By MarEx 2015-10-01 15:01:11
Though the recession of the ice caps is a foreboding global issue, its one anticipated benefit has been the creation of new shipping lanes in previously unnavigable routes. But recent research from York University predicts that it will be several decades before a northern hipping route connecting Northwest Europe to countries such as Japan, China and South Korea will be a viable shipping route.
Called the Northwest Passage (NWP), would create a shipping lane between markets in the northern Pacific and Atlantic regions which would be about 2,500 miles shorter than routes through the Panama and Suez Canals.
NWP would also serve as an alternate route to the Northern Sea Route (NSR), has been ice-free in the summer since 2007 and has gained traction as an alternative shipping lane. NSR is characterized by the presence of thin first-year ice with portions of multi-year ice interspersed. The melting of first-year ice in the summer has allowed a steadily increasing number of ships to use it in recent years.
Conversely, NWP is made up of multi-year ice cold enough to survive several summers with portions of first-year ice interspersed. According to York University’s study, NWP’s multi-year ice composition makes it far too treacherous a shipping lane to consider in the near future.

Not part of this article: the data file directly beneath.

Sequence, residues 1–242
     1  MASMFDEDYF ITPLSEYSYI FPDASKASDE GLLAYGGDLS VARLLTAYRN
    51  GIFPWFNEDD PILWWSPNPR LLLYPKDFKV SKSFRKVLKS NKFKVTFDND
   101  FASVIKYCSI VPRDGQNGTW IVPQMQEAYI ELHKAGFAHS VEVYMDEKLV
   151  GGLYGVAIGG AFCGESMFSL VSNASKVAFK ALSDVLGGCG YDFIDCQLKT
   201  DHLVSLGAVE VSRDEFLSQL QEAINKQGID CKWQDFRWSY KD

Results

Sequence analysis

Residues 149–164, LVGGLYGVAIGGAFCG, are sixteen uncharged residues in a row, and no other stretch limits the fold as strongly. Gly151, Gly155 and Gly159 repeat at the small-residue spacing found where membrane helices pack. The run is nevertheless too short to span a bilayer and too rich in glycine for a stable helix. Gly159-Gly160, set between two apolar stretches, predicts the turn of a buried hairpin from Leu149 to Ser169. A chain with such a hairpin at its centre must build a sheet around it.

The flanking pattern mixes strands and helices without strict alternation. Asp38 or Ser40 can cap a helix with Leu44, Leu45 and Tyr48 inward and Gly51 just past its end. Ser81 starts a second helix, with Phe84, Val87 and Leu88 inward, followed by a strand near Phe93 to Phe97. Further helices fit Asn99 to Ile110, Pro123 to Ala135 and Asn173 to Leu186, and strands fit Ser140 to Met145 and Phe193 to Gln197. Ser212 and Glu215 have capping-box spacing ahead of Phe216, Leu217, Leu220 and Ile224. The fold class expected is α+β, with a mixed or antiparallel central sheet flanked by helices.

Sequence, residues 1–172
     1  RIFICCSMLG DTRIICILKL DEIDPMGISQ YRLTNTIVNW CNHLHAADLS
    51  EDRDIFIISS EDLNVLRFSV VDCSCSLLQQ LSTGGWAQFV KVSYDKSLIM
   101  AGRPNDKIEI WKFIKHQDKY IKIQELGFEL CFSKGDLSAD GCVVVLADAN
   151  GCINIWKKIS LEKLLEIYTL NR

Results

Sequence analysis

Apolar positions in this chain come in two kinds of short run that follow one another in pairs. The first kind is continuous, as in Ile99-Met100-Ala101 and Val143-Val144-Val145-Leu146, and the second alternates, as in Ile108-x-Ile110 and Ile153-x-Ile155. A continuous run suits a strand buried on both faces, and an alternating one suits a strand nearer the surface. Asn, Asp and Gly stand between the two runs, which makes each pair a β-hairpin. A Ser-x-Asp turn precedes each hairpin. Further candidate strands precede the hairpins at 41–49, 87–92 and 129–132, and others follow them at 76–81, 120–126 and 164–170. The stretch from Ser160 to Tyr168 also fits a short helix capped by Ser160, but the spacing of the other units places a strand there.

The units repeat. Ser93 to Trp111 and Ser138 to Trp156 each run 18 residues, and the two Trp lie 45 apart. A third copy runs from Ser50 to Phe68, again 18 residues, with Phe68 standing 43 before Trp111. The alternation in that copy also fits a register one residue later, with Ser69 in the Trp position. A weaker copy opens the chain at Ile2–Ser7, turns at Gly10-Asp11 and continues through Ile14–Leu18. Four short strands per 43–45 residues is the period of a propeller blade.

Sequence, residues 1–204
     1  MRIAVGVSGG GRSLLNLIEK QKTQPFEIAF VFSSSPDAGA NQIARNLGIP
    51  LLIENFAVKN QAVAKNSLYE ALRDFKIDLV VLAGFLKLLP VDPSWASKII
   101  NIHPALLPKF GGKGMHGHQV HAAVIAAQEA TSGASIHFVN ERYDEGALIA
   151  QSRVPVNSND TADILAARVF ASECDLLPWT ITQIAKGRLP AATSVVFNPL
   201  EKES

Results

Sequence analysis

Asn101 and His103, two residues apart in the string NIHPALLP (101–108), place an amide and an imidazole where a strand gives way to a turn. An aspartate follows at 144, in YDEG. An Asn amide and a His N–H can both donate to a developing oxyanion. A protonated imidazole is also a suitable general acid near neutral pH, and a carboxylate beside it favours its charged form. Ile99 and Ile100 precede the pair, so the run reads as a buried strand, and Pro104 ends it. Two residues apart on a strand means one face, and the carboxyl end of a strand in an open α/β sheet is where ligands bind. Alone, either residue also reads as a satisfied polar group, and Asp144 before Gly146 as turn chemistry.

According to Dr. Christian Haas, the study’s lead researcher, ice thickness plays the most important role in assessing shipping hazards.
“While everyone only looks at ice extent or area, because it is so easy to do with satellites, we study ice thickness,“ Hass said. “Ice thickness is important to assess overall changes of ice volume, and helps to understand why and where the ice is most vulnerable to summer melt.”
York University discovered a mean ice thickness of six and a half to ten feet in most regions of the NWP, and some multi-year ice regions contained ice pockets that were up to 327 feet thick.
The study also suggests further ice melting could make NWP passage more difficult because it could cause more multi-year ice to drift into the passage and make it less navigable.
Click here to read the full study.
This post was sourced from Maritime Executive: View original article here.